Many existing methods for sustainable technical product design focus on environmental efficiency while lacking a framework for a holistic, sustainable design approach that includes combined social, technical, economic, and environmental aspects in the whole product life cycle, and that provides guidance on a technical product development level. This research proposes a framework for sustainable technical product design in the case of skis. We developed a ski under the Grown brand, benchmarked according to social, environmental, economic, and technical targets, following an initial sustainability assessment, and delivered the first environmental life cycle assessment (ELCA) and the first social life cycle assessment (SLCA) of skis. The framework applies a virtual development process as a combination of ELCA to calculate the environmental footprint as carbon equivalents of all materials and processes and a technical computer-aided design (CAD) and computer-aided engineering (CAE) simulation and virtual optimization using parameter studies for the nearly prototype-free development of the benchmarked skis. The feedback loops between life cycle assessment (LCA) and virtual simulation led to the elimination of highly energy intensive materials, to the pioneering use of basalt fibers in skis, to the optimization of the use of natural materials using protective coatings from natural resins, and to the optimization of the production process. From an environmental perspective, a minimum 32% reduction in carbon equivalent emissions of materials in relation to other comparably performing skis has been achieved, as well as a pioneering step forward toward transparent communication of the environmental performance by the individual, comparable, and first published ski carbon footprint per volume unit. © 2013 by Yale University. Source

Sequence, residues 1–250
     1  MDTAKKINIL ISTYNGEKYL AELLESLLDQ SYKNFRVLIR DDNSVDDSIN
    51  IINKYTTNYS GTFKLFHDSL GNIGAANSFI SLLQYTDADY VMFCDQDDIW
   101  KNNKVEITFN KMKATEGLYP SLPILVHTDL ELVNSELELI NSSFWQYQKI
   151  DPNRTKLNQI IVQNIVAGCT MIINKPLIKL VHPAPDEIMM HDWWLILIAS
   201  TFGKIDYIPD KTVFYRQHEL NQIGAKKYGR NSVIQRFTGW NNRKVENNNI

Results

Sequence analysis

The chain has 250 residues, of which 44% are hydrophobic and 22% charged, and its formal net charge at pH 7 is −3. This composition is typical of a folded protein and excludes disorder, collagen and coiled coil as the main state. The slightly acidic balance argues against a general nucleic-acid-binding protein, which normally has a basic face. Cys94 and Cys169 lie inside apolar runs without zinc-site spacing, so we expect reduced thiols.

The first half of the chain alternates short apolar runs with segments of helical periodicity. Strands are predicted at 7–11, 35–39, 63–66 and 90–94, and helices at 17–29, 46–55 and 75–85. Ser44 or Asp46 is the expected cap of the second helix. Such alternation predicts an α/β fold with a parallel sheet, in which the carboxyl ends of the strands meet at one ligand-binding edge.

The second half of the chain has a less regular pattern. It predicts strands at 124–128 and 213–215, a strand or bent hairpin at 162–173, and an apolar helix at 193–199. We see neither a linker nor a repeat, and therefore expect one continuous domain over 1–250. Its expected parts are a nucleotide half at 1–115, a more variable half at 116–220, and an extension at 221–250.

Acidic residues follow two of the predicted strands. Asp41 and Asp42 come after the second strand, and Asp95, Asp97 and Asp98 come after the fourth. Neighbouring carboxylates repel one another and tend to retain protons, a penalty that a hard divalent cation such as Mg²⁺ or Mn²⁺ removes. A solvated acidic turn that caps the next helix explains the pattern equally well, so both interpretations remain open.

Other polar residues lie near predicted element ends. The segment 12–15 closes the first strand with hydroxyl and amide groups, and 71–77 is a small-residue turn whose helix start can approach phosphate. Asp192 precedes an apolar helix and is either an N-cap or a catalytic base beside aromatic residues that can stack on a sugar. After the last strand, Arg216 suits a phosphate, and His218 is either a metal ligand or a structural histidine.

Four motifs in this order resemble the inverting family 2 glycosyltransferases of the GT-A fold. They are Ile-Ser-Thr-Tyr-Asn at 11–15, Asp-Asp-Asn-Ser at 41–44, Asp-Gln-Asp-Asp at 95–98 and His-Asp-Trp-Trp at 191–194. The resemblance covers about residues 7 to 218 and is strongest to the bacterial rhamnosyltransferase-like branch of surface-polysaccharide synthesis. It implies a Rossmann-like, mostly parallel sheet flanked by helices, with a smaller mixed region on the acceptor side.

Wyss R.,University of Applied science Chur | Wyss R.,Catholic University of Eichstatt-Ingolstadt | Luthe T.,University of Applied science Chur | Abegg B.,University of Innsbruck | Abegg B.,Alpnter for Climate Change Adaptation
Local Environment

While there is ample - though partially contradictory - evidence regarding the effects climate change will have on various regions of the world, there is only very limited work dedicated to the analysis of different governance structures, and how these structures are likely to influence the resilience of alpine tourism systems in the face of climate change. We present an analytical framework based on network theory, and apply this to the Swiss case study destination of Engelberg, in order to deduct a number of insights for the future assessment of resilience based on the cooperation of local actors. The main aim of the paper is to come up with comparable resilience metrics based on social network analysis in order to assess the structural strengths and weaknesses of a geographically delimited tourism system in the face of climate change. Together with the action potential of the individual actors these structural properties influence the adaptive capacity of both individual actors, and the tourism system as a whole. In line with comparable studies, we identify structural strengths and weaknesses around the core-periphery distribution (centrality), subgroups (modularity) and information flows (path length). We find that the Engelberg network follows an almost ideal-typical scale-free structure and the overall cooperation rate (density) is comparable to other tourism networks. The main weaknesses of the network with regard to climate change resilience are the lacking integration of public sector actors and the relatively high number of actors in the periphery of the network. © 2014 © 2014 Taylor & Francis. Source